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Baylor University football players recorded gang rapes, lawsuit claims

A new federal lawsuit against Baylor University alleges football players routinely recorded gang rapes and staged dog fights during hazing parties in a program that fostered sexual violence.

A former Baylor volleyball player, identified as Jane Doe in the lawsuit, alleges she was raped by four or more players after being taken from a party where she may have been drugged in 2012. Her lawsuit, filed Tuesday, alleges the players later burglarized her apartment and harassed her and her family until she left school the next year.

The woman said she told her mother, who gave an assistant football coach a list of players' names, but never heard back. The woman said she later told her head coach, who brought the matter to football coach Art Briles and athletic director Ian McCaw.

Her account lines up with previous legal filings by Baylor's Board of Regents that allege Briles, when showed a list of names of players allegedly involved in the woman's case, replied: "Those are some bad dudes. Why was she around those guys?" and said the woman should go to the police.

The woman said she didn't tell police about the sex assaults because she believed police would protect the football players, her lawyer told The Associated Press on Wednesday. She told police about football players breaking into her apartment — and police responded by getting her items back, without filing charges, according to the lawsuit.

"This case was always going to be about what Baylor knew, who knew what, and at what time," he lawyer, Muhammad Aziz, said.

More than a dozen women have now sued Baylor, alleging officials mishandled or ignored sex assault allegations for years. The school is also facing several federal civil rights investigations and a state criminal investigation.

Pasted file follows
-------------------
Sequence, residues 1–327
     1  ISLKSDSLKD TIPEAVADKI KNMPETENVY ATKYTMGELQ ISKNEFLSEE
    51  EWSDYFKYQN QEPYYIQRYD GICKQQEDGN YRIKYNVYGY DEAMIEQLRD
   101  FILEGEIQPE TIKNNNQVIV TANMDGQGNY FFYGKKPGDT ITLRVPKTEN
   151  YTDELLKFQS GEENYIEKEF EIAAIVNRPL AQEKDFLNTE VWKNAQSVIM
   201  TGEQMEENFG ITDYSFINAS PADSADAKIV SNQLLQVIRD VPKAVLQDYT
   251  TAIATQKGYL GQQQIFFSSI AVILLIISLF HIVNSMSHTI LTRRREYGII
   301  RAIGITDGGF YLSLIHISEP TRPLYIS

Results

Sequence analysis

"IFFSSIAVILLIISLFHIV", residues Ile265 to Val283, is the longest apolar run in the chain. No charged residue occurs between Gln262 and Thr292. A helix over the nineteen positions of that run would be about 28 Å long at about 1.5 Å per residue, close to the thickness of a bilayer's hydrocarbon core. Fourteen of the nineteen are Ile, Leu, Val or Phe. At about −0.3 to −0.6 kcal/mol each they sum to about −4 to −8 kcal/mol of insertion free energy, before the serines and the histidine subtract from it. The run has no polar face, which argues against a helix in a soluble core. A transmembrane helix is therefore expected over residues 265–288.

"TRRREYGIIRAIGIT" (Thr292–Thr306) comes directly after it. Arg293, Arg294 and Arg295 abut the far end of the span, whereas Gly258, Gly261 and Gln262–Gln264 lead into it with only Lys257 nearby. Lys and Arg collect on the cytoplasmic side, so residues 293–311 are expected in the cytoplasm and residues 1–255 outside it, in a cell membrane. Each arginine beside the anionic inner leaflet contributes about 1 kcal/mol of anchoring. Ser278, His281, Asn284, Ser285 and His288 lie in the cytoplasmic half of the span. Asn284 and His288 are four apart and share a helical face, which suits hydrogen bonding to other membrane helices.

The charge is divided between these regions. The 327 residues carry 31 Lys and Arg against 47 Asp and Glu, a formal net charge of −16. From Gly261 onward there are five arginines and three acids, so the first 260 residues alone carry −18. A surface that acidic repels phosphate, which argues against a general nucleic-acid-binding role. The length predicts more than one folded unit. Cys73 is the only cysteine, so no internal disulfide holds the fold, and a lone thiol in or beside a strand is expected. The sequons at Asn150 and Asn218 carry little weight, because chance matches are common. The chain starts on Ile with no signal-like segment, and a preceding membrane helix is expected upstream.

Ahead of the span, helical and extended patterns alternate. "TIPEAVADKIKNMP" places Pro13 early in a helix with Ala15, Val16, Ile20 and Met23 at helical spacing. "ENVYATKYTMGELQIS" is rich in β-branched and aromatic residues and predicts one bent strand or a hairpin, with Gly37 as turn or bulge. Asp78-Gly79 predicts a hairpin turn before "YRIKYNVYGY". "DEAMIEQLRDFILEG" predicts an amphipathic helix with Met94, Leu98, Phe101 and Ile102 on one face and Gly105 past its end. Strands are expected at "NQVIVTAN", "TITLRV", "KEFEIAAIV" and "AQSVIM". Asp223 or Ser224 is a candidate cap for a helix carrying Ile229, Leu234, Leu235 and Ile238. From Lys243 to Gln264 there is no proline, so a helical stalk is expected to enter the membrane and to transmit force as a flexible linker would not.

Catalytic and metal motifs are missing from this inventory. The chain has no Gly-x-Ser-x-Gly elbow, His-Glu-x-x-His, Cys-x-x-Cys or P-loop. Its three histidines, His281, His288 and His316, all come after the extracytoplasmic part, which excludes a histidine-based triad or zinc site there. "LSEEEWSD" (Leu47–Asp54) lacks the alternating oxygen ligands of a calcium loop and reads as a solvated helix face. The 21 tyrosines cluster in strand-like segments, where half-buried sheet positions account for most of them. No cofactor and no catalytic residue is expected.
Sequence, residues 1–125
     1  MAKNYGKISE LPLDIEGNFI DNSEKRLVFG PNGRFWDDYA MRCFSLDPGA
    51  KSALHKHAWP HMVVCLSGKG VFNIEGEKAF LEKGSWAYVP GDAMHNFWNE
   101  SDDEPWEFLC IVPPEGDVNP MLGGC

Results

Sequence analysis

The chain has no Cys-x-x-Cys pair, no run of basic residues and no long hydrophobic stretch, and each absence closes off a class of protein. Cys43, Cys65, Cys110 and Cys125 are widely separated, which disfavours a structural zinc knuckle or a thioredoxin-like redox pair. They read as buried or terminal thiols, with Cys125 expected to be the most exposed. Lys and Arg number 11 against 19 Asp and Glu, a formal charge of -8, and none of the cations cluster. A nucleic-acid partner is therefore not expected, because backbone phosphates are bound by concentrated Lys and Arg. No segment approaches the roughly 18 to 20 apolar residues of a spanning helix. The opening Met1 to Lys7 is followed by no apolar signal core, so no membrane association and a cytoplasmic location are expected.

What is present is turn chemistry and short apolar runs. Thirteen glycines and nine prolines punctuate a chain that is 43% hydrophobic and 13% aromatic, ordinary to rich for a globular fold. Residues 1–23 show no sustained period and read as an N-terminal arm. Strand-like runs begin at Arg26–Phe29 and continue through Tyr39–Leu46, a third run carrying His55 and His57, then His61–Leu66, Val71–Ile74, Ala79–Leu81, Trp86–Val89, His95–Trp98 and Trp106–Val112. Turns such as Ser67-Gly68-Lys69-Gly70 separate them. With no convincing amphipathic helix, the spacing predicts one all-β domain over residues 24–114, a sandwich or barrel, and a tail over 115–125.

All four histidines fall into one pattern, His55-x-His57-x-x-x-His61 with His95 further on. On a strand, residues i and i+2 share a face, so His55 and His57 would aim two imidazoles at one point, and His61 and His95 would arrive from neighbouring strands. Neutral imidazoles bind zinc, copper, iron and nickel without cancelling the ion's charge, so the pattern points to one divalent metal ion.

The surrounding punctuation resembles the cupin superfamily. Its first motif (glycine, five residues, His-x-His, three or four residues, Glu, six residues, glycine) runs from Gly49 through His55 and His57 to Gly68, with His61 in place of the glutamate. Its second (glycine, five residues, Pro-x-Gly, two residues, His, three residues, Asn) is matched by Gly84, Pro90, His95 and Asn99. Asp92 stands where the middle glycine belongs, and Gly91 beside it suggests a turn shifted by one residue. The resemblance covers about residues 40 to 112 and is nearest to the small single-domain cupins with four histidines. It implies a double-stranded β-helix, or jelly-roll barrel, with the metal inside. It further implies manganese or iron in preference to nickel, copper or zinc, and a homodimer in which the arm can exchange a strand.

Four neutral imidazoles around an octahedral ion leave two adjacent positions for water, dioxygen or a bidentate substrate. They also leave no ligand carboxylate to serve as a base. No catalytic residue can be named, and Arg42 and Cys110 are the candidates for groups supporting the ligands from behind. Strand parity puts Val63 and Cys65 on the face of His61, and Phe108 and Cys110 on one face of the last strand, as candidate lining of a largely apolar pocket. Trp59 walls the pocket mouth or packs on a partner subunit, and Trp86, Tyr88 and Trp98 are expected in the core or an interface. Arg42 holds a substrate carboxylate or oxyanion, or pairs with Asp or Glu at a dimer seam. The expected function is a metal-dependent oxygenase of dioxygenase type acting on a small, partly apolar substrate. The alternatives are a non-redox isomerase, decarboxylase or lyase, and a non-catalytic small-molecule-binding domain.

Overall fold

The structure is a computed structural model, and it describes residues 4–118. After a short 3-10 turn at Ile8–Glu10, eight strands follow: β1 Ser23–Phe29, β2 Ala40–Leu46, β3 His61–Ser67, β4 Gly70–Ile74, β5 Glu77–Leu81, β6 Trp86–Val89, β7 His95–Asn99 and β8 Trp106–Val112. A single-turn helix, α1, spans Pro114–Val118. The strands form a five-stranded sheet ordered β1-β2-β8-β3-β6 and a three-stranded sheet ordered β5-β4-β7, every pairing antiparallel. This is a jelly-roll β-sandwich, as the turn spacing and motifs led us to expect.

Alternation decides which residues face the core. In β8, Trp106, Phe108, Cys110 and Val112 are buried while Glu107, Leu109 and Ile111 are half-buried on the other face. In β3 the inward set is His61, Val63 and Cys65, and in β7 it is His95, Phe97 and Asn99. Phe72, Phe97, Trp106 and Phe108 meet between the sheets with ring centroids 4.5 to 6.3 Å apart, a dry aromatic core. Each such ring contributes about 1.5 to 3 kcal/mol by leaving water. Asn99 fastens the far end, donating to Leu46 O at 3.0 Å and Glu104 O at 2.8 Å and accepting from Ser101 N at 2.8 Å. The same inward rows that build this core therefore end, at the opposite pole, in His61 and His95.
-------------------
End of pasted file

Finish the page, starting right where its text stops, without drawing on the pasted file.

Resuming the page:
When asked to comment on the latest lawsuit Wednesday, Baylor officials didn't address the specific allegations. But the school released a statement saying officials tried for months to reach a settlement with the woman.

They also noted recent efforts to improve campus response to assault allegations.

"The university's response in no way changes Baylor's position that any assault involving members of our campus community is reprehensible and inexcusable. Baylor remains committed to eliminating all forms of sexual and gender-based harassment and discrimination within our campus community," the school said.

Aziz declined to detail previous settlement talks with Baylor. The school has reached financial settlements with at least three other women who alleged mishandled sex assault allegations.

The latest lawsuit, which doesn't identify the accused players, alleges Baylor football players had freshmen players bring girls to parties where they would be drugged and gang raped. The attacks were often recorded so video and photos could be shared by players, who bragged about their experiences, according to the lawsuit.

"The gang rapes were considered a 'bonding' experience for the football players," the lawsuit states.

The suit alleges the woman confirmed at least one video exists of several Baylor football players gang raping two female students, and that the video was circulated among football players. Football parties also routinely staged dog fighting, the lawsuit alleged.

Briles, who was fired in May 2016, has long denied any wrongdoing as lawsuit were filed alleging a culture of sexual violence in his program.

Aziz said his client was hesitated to sue, even though her allegations were referenced in other lawsuits and legal filings.

"For a long time there was a reluctance to take action, after something like this happens if they stop thinking about it perhaps it would go away," Aziz said. "But for her it did not go away."